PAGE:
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ZFIN ID: ZDB-PUB-120430-11
Zebrafish bcl2l is a survival factor in thyroid development
Porreca, I., De Felice, E., Fagman, H., Di Lauro, R., and Sordino, P.
Date: 2012
Source: Developmental Biology 366(2): 142-152 (Journal)
Registered Authors: Sordino, Paolo
Keywords: zebrafish, thyroid, bcl2l, apoptosis, development, thyroid transcription factors
MeSH Terms:
  • Animals
  • Cell Survival
  • Genes, bcl-2*
  • Morphogenesis
  • Thyroid Gland/embryology*
  • Thyroid Gland/physiology
  • Transcription Factors/physiology
  • Zebrafish/embryology*
  • Zebrafish Proteins/physiology*
  • bcl-X Protein/physiology*
PubMed: 22537491 Full text @ Dev. Biol.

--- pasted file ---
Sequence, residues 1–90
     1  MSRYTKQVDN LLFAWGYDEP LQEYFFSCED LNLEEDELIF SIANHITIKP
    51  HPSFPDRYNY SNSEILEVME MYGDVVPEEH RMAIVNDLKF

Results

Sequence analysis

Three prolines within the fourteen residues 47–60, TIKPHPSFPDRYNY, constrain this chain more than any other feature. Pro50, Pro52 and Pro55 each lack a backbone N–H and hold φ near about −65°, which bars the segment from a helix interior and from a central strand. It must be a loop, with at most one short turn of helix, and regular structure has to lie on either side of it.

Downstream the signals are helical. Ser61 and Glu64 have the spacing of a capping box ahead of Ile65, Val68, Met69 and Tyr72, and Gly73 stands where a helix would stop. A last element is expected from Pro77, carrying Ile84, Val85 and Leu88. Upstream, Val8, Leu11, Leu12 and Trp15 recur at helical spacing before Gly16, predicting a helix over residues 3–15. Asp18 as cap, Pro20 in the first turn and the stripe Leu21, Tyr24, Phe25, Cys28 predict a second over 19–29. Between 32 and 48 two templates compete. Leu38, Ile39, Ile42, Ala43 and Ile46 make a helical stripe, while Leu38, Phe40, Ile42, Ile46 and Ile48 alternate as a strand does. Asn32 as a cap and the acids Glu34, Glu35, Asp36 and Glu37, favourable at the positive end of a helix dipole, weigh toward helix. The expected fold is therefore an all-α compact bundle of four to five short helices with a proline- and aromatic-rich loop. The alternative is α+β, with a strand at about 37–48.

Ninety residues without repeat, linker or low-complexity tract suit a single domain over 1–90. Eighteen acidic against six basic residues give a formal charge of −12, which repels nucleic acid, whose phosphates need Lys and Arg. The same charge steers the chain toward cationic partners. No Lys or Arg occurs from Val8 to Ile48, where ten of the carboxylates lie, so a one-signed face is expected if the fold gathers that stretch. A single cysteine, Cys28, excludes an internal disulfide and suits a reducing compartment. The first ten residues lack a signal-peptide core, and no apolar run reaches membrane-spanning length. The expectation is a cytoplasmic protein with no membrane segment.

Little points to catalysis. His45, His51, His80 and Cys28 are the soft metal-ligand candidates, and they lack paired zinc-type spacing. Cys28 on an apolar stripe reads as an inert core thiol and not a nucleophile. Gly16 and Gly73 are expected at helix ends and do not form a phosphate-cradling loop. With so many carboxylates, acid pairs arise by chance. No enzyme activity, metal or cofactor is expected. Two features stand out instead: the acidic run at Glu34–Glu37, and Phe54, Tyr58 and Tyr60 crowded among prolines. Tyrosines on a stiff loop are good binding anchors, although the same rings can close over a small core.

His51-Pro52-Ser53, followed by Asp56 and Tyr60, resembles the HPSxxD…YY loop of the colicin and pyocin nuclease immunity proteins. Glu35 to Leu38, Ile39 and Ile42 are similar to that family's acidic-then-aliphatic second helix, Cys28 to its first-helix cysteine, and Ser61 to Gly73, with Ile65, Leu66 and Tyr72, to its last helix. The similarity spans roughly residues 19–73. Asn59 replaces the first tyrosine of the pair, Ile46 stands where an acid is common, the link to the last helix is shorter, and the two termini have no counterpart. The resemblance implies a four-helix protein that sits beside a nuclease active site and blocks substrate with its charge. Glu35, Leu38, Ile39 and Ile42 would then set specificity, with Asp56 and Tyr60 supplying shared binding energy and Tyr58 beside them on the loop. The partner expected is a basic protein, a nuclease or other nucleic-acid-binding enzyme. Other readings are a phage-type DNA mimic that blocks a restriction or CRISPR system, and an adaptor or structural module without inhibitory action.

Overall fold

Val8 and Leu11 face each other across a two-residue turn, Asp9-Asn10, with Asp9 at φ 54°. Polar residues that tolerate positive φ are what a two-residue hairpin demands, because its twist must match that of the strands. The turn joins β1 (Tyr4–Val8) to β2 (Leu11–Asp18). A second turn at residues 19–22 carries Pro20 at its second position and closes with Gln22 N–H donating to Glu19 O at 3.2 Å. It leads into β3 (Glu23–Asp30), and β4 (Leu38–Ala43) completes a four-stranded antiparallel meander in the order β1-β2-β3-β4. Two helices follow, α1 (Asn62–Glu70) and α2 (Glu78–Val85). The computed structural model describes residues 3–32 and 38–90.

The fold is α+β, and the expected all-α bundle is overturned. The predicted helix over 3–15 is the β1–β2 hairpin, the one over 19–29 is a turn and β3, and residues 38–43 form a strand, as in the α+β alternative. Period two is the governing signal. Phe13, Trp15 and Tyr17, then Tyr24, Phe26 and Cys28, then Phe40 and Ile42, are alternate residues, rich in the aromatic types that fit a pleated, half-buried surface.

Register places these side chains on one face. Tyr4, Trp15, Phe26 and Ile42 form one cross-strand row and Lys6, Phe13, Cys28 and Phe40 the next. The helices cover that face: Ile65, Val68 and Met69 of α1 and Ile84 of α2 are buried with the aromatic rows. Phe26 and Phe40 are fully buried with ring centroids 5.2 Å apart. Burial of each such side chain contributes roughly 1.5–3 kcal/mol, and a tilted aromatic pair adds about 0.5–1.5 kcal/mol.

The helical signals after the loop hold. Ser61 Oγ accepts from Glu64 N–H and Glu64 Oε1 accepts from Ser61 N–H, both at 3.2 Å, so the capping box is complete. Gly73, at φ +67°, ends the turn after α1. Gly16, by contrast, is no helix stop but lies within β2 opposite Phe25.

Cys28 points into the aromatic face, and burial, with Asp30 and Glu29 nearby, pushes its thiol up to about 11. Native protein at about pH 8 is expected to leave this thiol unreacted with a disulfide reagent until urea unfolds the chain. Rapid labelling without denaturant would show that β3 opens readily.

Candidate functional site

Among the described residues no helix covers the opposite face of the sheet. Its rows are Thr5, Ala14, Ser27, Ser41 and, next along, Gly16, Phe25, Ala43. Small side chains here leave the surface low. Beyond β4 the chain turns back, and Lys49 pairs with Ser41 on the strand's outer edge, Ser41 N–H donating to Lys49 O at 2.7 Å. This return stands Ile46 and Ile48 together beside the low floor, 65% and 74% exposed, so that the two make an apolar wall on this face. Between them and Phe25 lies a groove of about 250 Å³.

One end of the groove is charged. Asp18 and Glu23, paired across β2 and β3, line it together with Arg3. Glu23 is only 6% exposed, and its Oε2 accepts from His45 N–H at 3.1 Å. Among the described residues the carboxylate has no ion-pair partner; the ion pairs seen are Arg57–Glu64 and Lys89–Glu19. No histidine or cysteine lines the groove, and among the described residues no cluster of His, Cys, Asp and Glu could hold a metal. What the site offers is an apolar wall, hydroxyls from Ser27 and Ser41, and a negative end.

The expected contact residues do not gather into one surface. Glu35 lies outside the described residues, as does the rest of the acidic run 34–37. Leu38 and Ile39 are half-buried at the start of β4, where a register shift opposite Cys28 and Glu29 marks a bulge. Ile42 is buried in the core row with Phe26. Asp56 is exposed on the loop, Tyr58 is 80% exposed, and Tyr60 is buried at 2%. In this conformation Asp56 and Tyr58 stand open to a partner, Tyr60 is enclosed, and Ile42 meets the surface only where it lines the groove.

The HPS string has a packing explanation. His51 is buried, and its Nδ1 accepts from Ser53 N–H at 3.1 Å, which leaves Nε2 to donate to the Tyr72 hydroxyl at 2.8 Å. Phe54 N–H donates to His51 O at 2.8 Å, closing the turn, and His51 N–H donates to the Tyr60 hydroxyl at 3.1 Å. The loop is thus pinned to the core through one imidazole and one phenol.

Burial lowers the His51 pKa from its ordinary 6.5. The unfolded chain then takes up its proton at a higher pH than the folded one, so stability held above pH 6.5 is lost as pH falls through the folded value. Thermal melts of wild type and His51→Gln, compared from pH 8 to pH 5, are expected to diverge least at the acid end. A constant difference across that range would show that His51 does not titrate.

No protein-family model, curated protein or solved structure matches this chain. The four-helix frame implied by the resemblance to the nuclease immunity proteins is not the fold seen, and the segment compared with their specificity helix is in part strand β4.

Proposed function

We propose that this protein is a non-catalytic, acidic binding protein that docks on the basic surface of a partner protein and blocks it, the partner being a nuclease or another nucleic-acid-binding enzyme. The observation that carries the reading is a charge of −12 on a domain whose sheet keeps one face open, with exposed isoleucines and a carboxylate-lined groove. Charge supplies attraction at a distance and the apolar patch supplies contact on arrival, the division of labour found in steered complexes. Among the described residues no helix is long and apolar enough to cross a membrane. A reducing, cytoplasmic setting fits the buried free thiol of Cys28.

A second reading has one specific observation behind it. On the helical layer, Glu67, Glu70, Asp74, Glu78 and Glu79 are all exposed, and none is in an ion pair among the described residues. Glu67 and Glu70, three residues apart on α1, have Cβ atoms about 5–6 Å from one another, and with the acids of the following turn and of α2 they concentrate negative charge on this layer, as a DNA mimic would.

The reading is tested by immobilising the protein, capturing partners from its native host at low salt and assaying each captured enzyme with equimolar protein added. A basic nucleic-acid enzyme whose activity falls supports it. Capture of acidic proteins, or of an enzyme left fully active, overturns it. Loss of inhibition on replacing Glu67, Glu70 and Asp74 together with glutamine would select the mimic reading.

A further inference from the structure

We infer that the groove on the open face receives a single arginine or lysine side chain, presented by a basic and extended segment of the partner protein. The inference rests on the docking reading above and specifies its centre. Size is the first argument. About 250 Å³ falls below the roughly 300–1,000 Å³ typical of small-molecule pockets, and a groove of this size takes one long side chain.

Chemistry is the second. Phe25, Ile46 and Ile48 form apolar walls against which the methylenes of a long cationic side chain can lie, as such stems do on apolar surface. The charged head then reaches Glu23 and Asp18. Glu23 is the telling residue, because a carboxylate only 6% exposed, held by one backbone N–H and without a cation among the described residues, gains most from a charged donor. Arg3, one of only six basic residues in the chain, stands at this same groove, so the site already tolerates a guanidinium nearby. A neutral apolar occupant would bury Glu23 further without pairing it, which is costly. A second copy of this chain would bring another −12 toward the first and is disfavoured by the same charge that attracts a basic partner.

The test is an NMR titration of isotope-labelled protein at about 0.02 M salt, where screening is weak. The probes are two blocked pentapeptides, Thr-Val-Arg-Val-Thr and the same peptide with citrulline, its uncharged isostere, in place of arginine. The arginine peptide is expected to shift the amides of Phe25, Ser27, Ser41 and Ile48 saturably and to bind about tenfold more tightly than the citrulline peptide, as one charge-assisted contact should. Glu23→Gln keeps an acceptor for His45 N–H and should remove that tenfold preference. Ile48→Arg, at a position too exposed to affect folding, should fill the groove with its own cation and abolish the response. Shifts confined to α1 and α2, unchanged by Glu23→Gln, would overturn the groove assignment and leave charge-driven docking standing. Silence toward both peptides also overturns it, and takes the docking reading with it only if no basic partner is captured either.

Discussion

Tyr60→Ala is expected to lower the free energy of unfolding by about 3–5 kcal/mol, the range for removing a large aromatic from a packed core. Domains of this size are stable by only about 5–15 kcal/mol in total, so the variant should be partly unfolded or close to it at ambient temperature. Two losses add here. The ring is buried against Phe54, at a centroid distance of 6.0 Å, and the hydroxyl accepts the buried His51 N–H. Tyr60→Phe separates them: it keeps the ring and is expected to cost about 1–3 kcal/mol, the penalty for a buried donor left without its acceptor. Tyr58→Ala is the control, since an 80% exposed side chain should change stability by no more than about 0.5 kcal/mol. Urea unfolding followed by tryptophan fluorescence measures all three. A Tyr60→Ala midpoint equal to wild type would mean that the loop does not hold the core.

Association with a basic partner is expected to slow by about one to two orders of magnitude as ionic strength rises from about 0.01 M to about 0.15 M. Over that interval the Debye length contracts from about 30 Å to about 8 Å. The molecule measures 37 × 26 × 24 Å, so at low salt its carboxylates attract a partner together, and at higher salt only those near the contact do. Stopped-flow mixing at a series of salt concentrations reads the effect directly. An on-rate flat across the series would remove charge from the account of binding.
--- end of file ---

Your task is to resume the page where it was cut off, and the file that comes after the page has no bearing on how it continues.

Regulated cell death, defined in morphological terms as apoptosis, is crucial for organ morphogenesis. While differentiation of the thyroid gland has been extensively studied, nothing is yet known about the survival mechanisms involved in the development of this endocrine gland. Using the zebrafish model system, we aim to understand whether genes belonging to the Bcl-2 family that control apoptosis are implicated in regulation of cell survival during thyroid development. Evidence of strong Bcl-2 gene expression in mouse thyroid precursors prompted us to investigate the functions played by its zebrafish homologs during thyroid development. We show that the bcl2-like (bcl2l) gene is expressed in the zebrafish thyroid primordium. Morpholino-mediated knockdown and mutant analyses revealed that bcl2l is crucial for thyroid cell survival and that this function is tightly modulated by the transcription factors pax2a, nk2.1a and hhex. Also, the bcl2l gene appears to control a caspase-3-dependent apoptotic mechanism during thyroid development. Thyroid precursor cells require an actively maintained survival mechanism to properly proceed through development. The bcl2l gene operates in the inhibition of cell death under direct regulation of a thyroid specific set of transcription factors. This is the first demonstration of an active mechanism to ensure survival of the thyroid primordium during morphogenesis.